The tales of joy, merriment, love, respect, admiration, sorrow, loss and anger are from diaries kept at the time and recollection put down on paper years later. To make an omelet you have to crack eggs, was certainly on the mind of the Normans. From the moments the paras (Allied paratroopers) began dropping from the sky to the early morning shelling from the ships off-shore that destroyed homes, churches, schools, businesses, and killed people and animals, death and destruction were all around.
Roberts says in her introduction to this easily read book, “I have chosen temoignages (testimony) that revolve around the rich sensory details of D-Day --- the sound of artillery, the first glimpse of an American, the stench of death, and the taste of chocolate. The result is a vision of both hell at the hands of the occupiers and joy at being liberated.” In most instances testimony is prefaced with an explanation and perspective by Roberts to help the reader become enmeshed as if living in the day.
Perhaps for the first time, D-Day through French Eyes offers readers the opportunity to balance the stirring events of those dramatic, impacting days as portrayed by Hollywood, and what it was like to live in the path of D-Day.
Sunday, October 5
In the Archibald family, October is always a good month for the Hallmark Greeting Card company and other providers of well wishes and good cheer. My birthday is on the 2nd, my wife, Joyce's, is on the 3rd, my daughter Wynn's day is the 12, my late wife, Mary, was born on the 13, my brother, Walter, was born on the 15 and my son James was born on the 17. And this doesn't even get down to the nieces, nephews and other relatives who came into this world in the 10th month.
Two of my sons and a nephew
came to visit and we had a couple of good days together. My daughter Wynn was expected but a child's sickness kept her at home. We missed her and her ill son and it took a bit of doing to resist cutting her cake I had decorated with the insignia of her company, Bee-Sharp, through which she empowers teachers and school administrators. We're sorry she and Cooper didn't make it, but we sent the cake intact.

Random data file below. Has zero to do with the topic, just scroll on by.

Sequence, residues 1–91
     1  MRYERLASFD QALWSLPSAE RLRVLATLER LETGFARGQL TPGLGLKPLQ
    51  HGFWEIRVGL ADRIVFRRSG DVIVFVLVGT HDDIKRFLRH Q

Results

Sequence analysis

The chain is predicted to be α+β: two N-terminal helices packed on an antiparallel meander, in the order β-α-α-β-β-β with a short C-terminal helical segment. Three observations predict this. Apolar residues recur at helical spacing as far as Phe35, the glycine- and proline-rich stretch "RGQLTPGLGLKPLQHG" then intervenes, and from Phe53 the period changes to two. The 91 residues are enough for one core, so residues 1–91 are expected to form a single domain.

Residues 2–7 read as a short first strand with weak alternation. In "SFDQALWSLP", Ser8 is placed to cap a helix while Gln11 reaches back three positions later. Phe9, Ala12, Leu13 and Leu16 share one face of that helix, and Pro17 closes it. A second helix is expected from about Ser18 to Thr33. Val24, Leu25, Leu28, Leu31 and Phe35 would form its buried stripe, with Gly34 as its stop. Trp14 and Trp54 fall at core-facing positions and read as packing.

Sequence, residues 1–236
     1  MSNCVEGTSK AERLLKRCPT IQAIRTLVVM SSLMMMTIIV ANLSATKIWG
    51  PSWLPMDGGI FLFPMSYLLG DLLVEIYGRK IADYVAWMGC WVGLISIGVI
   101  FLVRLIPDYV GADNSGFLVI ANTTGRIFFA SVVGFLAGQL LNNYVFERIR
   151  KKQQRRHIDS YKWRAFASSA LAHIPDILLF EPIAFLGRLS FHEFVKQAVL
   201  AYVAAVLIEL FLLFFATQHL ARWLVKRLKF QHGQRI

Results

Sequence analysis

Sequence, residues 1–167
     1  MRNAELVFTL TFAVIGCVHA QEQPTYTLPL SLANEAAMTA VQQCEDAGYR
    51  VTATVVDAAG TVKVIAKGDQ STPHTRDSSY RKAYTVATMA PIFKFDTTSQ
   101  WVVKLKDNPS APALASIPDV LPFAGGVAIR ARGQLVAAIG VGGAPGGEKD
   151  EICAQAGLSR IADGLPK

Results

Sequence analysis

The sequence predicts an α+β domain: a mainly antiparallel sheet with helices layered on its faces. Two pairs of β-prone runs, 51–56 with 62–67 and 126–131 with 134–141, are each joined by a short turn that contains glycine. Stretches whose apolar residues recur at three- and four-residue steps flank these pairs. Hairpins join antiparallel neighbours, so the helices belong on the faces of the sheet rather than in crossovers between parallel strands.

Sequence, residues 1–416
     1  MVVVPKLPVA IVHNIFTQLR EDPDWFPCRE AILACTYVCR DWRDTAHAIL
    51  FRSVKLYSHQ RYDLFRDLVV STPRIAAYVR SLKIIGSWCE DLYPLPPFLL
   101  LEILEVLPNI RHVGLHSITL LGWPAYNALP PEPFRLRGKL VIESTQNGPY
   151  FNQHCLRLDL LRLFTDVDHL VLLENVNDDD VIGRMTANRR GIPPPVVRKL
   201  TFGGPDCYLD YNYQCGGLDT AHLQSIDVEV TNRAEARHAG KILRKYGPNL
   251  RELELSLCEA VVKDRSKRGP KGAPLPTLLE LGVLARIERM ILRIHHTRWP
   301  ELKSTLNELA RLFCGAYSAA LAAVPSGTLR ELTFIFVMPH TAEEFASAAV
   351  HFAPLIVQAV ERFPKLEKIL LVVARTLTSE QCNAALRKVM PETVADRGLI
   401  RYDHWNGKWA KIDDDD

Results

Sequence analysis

Two of my sons and a nephew
|On the grounds at Honey Horn museum, Hilton Head|
|A cake for my daughter, Wynn.|
|Dining at Old fort Pub, Hilton Head|
|Joyce and flowers sent by my children.|
|Part of the packed house. WAC Hilton Head|
|Right side of Presbyterian Church where events are held.|
|The speaker in her Q&A time|
Sunday, September 28
***Pat Dolan got a job in a pickle factory outside of Shannon in Ireland. A few weeks into the job he had desires to put his penis in the pickle slicer. After a couple of months he sought help from a psychiatrist. Six months went by and the psychiatrist gave up trying to talk Pat out of his desires and told him to go do what he wanted. A few days later Pat was home in mid-day and his wife asked why. “I put my penis in the pickle slicer and got fired.” His wife turned white with shock and she undid his belt buckle and pulled down Pat’s pants. To her amazement there was a full size, normal, healthy penis. “What happened to the pickle slicer,” she asked. “I think she got fired also,” said Pat.
(***Passed along by a friend.)
Tuesday, September 16
|Where the tour began.|
The tour around the historic city was in a double decker bus imported from London. Sitting up top in the open air provided a great view of the city but required riders to duck low occasionally as we passed under large oaks with hanging branches.
|A London Import|
|It was not all touring, golf and socializing. Joyce and I took time to walk on the long pier behind out hotel and take in the beach, people fishing and seagulls.|